Trusts and Beneficial Ownership

One of the more often asked about quirks related to Beneficial Ownership is the requirements for trusts. We know that the beneficial ownership requirements will be changing in the future, as FinCEN is in the process of publishing rules on proposed changes to the process, but until all of that is issued and becomes effective, we’re still required to follow the existing Beneficial Ownership rules, which are not as straightforward as they may seem.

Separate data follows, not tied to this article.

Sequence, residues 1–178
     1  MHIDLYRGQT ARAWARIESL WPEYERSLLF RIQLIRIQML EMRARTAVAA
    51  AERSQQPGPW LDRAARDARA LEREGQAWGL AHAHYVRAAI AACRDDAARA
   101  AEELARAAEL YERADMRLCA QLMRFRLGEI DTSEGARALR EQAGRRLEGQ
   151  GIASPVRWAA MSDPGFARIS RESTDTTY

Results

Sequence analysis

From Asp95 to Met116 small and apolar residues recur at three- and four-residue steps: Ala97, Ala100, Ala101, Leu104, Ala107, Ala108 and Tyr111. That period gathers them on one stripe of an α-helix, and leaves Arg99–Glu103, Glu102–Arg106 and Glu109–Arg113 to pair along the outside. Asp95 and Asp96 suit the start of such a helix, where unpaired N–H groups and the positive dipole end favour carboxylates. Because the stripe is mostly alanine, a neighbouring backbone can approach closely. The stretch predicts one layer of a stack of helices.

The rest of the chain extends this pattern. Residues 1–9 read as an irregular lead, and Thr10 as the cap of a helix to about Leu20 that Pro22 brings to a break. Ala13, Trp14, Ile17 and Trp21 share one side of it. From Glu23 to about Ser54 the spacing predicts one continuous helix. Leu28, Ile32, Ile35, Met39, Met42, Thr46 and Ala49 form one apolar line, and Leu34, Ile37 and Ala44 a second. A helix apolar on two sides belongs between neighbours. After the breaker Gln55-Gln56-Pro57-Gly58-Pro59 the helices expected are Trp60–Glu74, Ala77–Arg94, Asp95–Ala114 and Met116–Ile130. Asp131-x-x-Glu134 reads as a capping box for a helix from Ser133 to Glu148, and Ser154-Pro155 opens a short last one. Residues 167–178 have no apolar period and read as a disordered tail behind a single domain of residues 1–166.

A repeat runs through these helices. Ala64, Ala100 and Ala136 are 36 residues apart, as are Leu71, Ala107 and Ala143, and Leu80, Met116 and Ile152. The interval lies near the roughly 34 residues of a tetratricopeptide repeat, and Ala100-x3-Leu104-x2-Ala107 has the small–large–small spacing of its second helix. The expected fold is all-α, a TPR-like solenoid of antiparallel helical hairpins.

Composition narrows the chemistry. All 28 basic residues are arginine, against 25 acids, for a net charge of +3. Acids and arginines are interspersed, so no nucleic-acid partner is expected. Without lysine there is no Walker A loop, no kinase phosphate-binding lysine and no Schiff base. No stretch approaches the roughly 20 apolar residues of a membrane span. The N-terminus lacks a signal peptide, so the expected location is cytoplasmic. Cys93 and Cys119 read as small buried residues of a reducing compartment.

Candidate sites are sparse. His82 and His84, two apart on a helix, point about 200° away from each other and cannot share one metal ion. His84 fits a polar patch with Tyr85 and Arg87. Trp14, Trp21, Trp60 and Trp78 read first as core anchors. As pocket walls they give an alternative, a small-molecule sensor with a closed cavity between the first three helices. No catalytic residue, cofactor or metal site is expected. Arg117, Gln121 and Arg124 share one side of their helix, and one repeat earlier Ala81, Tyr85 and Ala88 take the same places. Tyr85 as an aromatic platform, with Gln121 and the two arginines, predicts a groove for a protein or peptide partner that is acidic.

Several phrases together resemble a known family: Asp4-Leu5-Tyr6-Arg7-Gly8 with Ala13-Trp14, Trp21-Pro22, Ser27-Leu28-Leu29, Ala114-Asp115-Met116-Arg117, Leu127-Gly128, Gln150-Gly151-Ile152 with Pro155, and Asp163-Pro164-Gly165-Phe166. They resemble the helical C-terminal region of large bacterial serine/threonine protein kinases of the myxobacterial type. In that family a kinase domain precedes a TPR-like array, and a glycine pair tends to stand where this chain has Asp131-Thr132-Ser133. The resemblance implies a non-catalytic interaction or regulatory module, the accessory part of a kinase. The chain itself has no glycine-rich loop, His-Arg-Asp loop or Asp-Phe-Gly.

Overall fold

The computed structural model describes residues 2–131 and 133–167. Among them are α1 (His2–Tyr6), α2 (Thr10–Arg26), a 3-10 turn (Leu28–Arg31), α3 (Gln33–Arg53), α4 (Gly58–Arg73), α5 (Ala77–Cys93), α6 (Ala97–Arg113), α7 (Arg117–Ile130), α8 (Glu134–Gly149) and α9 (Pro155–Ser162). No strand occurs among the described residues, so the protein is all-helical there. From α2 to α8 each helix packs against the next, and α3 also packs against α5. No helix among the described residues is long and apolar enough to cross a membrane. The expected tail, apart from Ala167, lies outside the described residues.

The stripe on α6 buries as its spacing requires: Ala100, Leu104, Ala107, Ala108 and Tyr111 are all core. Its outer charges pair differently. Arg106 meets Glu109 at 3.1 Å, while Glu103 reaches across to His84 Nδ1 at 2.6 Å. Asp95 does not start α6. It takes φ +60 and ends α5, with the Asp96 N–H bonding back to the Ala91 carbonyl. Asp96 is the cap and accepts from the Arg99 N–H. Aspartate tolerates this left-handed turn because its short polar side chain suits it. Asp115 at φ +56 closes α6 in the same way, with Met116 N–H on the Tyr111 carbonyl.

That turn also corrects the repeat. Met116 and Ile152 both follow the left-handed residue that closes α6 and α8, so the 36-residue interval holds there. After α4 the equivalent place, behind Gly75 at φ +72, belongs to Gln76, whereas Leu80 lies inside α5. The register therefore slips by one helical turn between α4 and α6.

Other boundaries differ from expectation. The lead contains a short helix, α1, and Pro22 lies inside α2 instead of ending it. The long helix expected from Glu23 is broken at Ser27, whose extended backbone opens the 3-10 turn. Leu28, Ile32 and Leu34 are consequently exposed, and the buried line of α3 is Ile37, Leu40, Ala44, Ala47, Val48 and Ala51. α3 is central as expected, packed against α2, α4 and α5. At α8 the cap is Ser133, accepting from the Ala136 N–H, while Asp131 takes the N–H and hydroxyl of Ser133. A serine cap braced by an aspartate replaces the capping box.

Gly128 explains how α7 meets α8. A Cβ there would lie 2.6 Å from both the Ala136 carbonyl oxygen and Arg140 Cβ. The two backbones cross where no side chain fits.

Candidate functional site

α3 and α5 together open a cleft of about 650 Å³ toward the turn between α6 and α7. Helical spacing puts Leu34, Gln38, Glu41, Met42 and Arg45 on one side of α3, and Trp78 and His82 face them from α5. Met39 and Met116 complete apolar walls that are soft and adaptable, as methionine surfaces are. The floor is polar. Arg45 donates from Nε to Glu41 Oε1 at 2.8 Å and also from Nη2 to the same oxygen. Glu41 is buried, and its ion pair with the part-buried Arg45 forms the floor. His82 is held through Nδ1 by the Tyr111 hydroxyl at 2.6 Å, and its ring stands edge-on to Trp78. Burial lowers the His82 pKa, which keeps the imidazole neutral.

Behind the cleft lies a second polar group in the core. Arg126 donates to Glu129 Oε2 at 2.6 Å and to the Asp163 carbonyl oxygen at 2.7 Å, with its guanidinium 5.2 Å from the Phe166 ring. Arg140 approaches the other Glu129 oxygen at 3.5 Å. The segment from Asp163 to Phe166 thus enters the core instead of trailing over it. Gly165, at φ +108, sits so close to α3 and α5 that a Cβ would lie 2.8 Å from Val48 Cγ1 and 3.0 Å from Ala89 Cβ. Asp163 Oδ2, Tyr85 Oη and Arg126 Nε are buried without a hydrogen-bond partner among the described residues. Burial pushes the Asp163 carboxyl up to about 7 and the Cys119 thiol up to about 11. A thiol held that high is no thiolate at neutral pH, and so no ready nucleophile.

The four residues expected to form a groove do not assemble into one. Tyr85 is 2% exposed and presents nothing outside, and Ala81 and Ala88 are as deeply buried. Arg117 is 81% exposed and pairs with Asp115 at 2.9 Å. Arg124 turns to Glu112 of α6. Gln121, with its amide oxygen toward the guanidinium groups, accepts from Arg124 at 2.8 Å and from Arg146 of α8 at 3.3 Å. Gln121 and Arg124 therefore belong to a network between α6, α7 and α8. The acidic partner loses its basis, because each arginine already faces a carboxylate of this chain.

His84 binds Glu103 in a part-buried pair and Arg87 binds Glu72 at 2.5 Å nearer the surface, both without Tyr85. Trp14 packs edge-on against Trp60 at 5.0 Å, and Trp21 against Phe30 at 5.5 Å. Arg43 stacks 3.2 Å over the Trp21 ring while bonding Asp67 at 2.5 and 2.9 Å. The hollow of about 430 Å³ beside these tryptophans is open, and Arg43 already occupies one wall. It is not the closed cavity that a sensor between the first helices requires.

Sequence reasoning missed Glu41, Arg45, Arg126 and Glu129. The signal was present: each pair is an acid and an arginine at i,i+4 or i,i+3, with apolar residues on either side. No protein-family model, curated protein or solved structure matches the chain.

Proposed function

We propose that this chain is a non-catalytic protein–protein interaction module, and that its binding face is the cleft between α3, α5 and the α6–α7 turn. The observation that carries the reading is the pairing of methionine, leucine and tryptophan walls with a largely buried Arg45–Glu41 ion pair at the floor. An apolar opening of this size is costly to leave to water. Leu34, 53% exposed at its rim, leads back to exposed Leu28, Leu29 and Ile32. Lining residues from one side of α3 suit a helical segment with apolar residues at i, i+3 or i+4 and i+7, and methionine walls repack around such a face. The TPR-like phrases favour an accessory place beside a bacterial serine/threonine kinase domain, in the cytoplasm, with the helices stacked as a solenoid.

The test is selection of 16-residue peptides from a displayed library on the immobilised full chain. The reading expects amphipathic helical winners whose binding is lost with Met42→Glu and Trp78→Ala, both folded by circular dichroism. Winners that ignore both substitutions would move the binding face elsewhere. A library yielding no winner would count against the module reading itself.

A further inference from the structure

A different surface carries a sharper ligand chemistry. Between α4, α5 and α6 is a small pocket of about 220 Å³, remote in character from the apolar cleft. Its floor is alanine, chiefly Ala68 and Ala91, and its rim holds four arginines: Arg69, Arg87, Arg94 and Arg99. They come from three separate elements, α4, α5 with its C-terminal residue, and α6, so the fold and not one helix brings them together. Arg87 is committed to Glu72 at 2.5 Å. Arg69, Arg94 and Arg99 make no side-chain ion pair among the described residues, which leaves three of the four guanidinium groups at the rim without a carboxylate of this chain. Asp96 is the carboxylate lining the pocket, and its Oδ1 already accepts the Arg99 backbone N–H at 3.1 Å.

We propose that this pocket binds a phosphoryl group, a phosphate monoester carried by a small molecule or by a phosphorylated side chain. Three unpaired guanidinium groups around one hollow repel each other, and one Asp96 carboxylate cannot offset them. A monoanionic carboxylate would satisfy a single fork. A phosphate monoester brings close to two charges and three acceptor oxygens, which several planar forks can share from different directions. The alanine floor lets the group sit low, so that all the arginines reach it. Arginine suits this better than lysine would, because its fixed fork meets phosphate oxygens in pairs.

What is the purpose of beneficial ownership? To identify and verify “beneficial owners” of legal entity customers. Who are beneficial owners? There are two categories of beneficial owners: a) “ownership” – any individual who owns directly or indirectly 25% or more of a legal entity customer, and b) “control” – a single individual with managerial authority over a legal entity customer (such as CEO or President of a corporation, Managing Member of an LLC, or General Partner of a Partnership). If there are no individuals who own 25% of the legal entity customer, then you wouldn’t collect any information for the “ownership” category of beneficial ownership, but you’ll always have exactly one individual reported for the “control” category of beneficial ownership.